species: mylitta Drury.
Synonyms: Telea Hubner (type species polyphemus Cramer, U.S.A.);
Metosamia Druce (type species godmani Druce, Central America);
(type species assama Westwood = assamensis Helfer); Carmenta Weymer (praeocc;
type species cordifolia Weymer, Sulawesi); Loepantheraea Toxopeus (type
species rosieri Toxopeus) syn. n.
This genus of rather typically patterned saturniines is defined by a
number of peculiar features of the male genitalia. The valves are deeply
bifid, the dorsal lobe bearing several long, robust setae dorsally; the
lower lobe is slender, more finely setose. Interior to the valve is a
somewhat conical lobe referred to by Arora & Gupta (1979) as the
labide. The anellus is strongly sclerotised and has a dorsal projection.
There is a massive, rather elongate sclerotised process arising from
between the bases of the valve costas that is considered to be the uncus
by Arora & Gupta and by Michener (1952); the latter suggested the
dorsal process of the anellus was the gnathus, fused to it. The tegumen is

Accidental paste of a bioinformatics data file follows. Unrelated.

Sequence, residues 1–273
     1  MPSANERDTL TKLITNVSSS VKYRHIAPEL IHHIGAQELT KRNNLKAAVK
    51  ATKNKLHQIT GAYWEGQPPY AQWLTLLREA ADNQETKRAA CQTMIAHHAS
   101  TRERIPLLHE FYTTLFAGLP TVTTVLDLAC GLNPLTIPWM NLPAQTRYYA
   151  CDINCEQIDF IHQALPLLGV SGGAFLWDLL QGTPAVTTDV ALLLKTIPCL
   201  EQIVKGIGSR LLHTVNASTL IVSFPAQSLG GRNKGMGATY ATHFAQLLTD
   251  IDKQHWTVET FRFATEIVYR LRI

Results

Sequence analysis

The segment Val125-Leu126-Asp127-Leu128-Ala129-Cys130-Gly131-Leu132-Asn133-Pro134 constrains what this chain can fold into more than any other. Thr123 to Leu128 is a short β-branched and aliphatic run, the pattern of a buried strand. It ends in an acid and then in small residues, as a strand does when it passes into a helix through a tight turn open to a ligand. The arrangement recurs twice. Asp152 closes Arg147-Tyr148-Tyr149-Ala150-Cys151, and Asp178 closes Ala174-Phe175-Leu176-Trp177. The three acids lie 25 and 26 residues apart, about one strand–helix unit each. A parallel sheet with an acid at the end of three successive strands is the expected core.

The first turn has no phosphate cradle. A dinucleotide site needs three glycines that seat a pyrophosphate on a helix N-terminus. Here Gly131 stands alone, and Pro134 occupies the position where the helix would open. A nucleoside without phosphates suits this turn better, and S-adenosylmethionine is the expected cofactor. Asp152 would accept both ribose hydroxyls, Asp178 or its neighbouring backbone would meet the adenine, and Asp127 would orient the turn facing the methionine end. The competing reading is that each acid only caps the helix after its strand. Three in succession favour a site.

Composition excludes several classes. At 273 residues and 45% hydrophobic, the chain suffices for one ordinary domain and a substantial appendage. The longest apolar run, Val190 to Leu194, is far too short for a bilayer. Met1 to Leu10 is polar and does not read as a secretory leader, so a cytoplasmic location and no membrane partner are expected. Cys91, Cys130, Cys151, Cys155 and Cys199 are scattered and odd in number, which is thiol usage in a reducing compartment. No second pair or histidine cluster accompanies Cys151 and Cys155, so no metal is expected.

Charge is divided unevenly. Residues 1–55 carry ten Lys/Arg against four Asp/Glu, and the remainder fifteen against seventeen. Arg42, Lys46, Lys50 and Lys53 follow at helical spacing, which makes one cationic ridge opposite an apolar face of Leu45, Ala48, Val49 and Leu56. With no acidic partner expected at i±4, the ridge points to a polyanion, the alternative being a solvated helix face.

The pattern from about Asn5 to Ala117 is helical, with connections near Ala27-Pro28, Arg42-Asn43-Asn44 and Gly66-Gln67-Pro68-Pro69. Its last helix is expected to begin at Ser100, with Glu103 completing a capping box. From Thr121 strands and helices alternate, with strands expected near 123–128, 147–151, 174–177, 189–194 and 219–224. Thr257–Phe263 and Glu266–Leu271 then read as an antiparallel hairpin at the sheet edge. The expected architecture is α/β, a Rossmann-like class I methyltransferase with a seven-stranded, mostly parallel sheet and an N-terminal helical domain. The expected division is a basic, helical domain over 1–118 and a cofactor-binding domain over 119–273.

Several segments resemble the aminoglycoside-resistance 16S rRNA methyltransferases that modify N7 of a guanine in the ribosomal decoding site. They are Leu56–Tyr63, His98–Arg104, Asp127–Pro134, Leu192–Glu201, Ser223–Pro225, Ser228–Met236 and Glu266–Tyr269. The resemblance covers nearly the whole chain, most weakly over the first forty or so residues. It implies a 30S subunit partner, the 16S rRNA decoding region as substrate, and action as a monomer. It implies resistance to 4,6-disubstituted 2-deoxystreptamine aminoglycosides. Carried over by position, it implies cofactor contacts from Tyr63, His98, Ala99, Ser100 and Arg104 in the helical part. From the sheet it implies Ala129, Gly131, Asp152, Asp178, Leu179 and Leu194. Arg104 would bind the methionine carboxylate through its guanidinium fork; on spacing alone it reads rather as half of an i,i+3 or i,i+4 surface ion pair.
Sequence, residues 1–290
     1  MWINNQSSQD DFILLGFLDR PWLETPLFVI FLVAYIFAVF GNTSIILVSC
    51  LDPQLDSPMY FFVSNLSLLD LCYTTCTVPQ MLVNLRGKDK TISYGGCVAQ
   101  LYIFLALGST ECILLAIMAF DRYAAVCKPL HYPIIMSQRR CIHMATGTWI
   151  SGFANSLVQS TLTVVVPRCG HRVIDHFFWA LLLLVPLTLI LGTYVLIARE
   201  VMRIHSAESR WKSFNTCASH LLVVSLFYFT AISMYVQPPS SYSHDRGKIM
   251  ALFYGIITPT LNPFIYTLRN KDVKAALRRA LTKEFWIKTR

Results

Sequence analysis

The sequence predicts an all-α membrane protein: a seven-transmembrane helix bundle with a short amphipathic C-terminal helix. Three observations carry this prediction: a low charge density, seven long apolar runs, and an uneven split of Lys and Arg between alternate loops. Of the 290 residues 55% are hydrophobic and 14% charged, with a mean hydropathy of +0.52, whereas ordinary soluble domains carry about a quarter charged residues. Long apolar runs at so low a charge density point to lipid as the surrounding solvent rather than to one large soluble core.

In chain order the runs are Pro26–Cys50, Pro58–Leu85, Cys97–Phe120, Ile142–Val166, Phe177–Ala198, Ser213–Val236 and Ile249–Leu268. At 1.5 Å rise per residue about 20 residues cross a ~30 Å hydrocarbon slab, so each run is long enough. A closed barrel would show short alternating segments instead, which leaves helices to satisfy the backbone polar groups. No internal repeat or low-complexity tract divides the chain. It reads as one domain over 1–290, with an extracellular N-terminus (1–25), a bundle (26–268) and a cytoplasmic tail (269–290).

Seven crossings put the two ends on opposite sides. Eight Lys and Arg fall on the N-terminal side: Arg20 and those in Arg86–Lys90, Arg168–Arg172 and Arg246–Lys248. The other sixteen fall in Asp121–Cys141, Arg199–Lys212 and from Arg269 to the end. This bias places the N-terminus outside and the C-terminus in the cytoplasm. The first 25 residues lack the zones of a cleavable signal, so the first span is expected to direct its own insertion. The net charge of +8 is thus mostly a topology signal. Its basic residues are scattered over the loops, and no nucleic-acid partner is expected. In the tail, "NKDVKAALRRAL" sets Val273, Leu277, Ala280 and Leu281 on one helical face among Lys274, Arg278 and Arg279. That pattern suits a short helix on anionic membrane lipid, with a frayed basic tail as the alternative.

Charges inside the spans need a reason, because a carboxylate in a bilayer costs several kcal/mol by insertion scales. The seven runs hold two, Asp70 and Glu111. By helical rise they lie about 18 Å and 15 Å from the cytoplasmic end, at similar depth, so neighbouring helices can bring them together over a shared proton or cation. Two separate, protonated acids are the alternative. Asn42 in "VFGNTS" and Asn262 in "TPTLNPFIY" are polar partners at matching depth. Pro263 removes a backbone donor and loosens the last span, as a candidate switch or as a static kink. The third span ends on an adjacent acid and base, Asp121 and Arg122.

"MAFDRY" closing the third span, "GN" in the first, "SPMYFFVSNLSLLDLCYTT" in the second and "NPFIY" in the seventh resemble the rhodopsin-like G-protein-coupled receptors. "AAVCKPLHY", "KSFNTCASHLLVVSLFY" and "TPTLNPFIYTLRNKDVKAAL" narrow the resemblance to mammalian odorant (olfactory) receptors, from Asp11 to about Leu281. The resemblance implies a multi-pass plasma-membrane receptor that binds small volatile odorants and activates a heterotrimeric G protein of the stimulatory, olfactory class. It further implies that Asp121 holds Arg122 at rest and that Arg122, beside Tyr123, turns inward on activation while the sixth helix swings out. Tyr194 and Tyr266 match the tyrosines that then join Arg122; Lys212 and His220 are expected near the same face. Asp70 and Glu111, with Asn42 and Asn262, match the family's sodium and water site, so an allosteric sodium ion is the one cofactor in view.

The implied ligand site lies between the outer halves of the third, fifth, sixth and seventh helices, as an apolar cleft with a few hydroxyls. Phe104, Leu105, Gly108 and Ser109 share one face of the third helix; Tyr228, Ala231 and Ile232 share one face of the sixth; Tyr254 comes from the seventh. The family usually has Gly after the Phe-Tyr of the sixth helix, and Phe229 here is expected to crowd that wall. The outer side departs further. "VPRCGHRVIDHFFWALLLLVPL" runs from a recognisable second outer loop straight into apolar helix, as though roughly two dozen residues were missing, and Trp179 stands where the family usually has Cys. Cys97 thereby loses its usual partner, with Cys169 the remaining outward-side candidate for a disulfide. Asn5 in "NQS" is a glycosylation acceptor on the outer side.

produced dorsally into a narrow, rather weakly sclerotised process. The
saccus is well developed.
The species rosieri Toxopeus shares all these features and therefore
should not be separated in the genus Loepantheraea Toxopeus.
The larvae of both Indian (mylitta Drury) and American (godmani Druce)
species are illustrated by Gardiner (1982), and those of several more are
described. The American species is shown as bright green, smooth-skinned,
with conical spined scoli that are particularly prominent on the thorax
and in the caudal zone. The Indian species is more elongate, tapering
slightly at each end, and has no obvious scoli but is invested with a more
general pilosity, some of which is on tubercles.
The silken cocoon is wrapped in leaf fragments and suspended by a short
stalk from a twig.
The genus is mainly Oriental but there are three species in the New World
and one representative in the S. Moluccas. The status of Australian taxa
attributed to Antheraea needs investigation.
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